On remand, the trial court conducted another hearing on the habitual offender bill. The entire record from the April 19, 2016 habitual offender hearing and the August 10, 2016 sentencing hearing were admitted. The state presented the testimony of a probation/parole agent, who said that he began supervising the defendant in 2008, after he was released on parole from a Texas prison and requested to live in Louisiana. The agent established that the defendant's discharge date from the 1991 convictions would be August 11, 2026. Thereafter, the trial court sentenced the defendant to 30 years at hard labor under the habitual offender law. The trial court also issued written reasons for judgment reaffirming the defendant's adjudication as a fourth felony offender and the imposition of the 30–year hard labor sentence. The defendant now appeals his sentence as excessive.
When a defendant fails to timely file a motion to reconsider sentence under La. C. Cr. P. art. 881.1, the appellate court's review is limited to a bare claim of constitutional excessiveness. State v. Casaday , 162 So.3d at 594, citing State v. Mims , 619 So.2d 1059 (La. 1993).
Constitutional review turns upon whether the sentence is illegal, grossly disproportionate to the severity of the offense or shocking to the sense of justice. State v. Lobato , 603 So.2d 739 (La. 1992) ; State v. Davis , 50,149 (La. App. 2 Cir. 11/18/15), 181 So.3d 200 ; State v. Scott , 50,920 (La. App. 2 Cir. 11/16/16), 209 So.3d 248, writ denied , 17-0353 (La. 11/13/17), 229 So.3d 478.
A sentence violates La. Const. art. I, § 20, if it is grossly out of proportion to the seriousness of the offense or nothing more than the purposeless infliction of pain and suffering. State v. Dorthey , 623 So.2d 1276 (La. 1993). A sentence is grossly disproportionate if, when the crime and punishment are viewed in light of the harm to society, it shocks the sense of justice. State v. Weaver , 01-0467 (La. 1/15/02), 805 So.2d 166 ; State v. Scott, supra .
The trial court is given wide discretion in the imposition of sentences within the statutory limits. Such a sentence will not be set aside as excessive absent a manifest abuse of that discretion. State v. Williams , 03-3514 (La. 12/13/04), 893 So.2d 7 ; State v. Diaz , 46,750 (La. App. 2 Cir. 12/14/11), 81 So.3d 228 ; State v. Scott, supra.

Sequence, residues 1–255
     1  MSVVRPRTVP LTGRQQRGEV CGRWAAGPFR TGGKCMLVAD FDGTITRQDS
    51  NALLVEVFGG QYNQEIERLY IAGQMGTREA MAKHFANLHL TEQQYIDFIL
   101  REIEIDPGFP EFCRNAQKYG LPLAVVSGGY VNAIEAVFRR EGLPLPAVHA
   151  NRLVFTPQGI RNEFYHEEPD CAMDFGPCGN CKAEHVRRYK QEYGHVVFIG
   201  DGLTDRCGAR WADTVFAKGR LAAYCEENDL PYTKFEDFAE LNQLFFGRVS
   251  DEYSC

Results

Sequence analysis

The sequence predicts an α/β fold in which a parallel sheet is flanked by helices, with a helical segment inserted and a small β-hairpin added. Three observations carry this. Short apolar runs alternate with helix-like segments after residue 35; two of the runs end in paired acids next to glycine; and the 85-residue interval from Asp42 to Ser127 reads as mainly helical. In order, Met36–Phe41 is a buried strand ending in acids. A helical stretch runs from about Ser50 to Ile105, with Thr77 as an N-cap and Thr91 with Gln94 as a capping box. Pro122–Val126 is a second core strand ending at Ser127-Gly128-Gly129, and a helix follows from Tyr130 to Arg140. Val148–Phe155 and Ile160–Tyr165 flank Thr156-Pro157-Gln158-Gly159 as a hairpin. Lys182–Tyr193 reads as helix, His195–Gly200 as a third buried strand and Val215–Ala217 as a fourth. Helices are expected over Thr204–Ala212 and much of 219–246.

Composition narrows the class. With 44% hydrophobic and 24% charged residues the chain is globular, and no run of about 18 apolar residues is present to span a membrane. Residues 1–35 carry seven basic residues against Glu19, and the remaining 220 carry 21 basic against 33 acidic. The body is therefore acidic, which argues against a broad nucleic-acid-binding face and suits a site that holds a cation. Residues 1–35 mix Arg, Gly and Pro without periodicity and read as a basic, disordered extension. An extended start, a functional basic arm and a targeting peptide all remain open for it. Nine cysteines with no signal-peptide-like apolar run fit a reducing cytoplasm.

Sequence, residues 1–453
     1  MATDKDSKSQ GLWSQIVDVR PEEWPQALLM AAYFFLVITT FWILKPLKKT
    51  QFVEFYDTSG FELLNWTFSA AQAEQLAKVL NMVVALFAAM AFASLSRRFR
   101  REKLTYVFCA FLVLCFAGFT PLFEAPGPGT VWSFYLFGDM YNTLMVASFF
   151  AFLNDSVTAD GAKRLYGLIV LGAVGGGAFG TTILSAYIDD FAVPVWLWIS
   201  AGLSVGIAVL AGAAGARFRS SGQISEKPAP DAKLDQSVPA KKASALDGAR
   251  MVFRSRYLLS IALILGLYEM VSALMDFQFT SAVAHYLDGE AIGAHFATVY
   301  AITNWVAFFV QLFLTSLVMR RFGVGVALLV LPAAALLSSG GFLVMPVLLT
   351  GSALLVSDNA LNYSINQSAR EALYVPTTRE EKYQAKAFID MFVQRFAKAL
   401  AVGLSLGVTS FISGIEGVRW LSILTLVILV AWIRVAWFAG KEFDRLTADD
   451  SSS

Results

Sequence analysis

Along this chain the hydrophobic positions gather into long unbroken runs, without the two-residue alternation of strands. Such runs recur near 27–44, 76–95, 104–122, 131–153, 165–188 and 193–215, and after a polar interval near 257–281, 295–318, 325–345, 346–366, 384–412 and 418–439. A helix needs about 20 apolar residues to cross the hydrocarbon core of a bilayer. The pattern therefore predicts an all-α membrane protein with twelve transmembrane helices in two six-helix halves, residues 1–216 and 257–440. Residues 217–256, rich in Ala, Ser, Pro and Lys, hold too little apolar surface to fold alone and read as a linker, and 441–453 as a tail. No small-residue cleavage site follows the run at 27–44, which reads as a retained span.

La. R.S. 40:967(B)(1) provided that anyone found guilty of possession of methamphetamine with the intent to distribute shall be sentenced to imprisonment at hard labor for 2 to 30 years, and may, in addition, be sentenced to pay a fine of not more than $50,000.00. The maximum sentence range for conspiracy offenses that are not punishable by death or life imprisonment is one-half of the maximum for the contemplated offense. La. R.S. 14:26. A fourth or subsequent felony habitual offender shall be sentenced to imprisonment "for a determinate term not less than the longest prescribed for a first conviction but in no event less than twenty years and not more than his natural life." La. R.S. 15:529.1(A)(4)(a).
This provision was amended by Acts 2017, No. 281, § 2, effective August 1, 2017, to change the penalty provisions for offenses related to Schedule II drugs. The amendment has no effect on this appeal, as a defendant must be sentenced according to sentencing provisions in effect at the time of the commission of the offense. State v. LeBlanc , supra ; State v. Sugasti , 01-3407 (La. 6/21/02), 820 So.2d 518 ; State v. Sanderson , 49,957 (La. App. 2 Cir. 7/22/15), 174 So.3d 149 ; State v. Modisette , 50,846 (La. App. 2 Cir. 9/28/16), 207 So.3d 1108.
Prior to 2010, this provision was designated La. R.S. 15:529.1(A)(c)(i).
No motion for reconsideration of sentence was filed in the instant case. Consequently, our review is limited to a bare claim of constitutional excessiveness.
The defendant was convicted of conspiracy to distribute methamphetamine, a Schedule II CDS. The offense occurred in 2009 in the defendant's home, wherein teenage children were present. The defendant, who was born in 1965, had a significant criminal record, which included six felony convictions. During his criminal career, which spanned approximately 25 years, he had several convictions for burglaries and theft. Additionally, the record demonstrates that he pled guilty to attempted capital murder in 1991, after he tried to run over a police officer with an automobile. After being released from a Texas prison and moving to Louisiana in 2008, the defendant soon resumed his criminal activity, resulting in his conviction in this case.
The defendant's lower range sentence of 30 years is not grossly out of proportion to the seriousness of the offense or nothing more than the purposeless infliction of pain and suffering. Nor is it shocking to our sense of justice. Accordingly, this assignment of error lacks merit.
The trial court failed to order that the defendant's sentence as a multiple offender be served without benefit of probation or suspension of sentence, as required by La. R.S. 15:529.1(G). However, this error does not require corrective action, because the "without-benefits" provisions of the statutes are self-activating. La. R.S. 15:301.1(A) and (C) ; State v. Williams , 00-1725 (La. 11/28/01), 800 So.2d 790 ; State v. Mandigo , 48,801 (La. App. 2 Cir. 2/26/14), 136 So.3d 292, writ denied , 14-0630 (La. 10/24/14), 151 So.3d 600.
The defendant's conviction, adjudication, and sentence as a habitual offender are affirmed.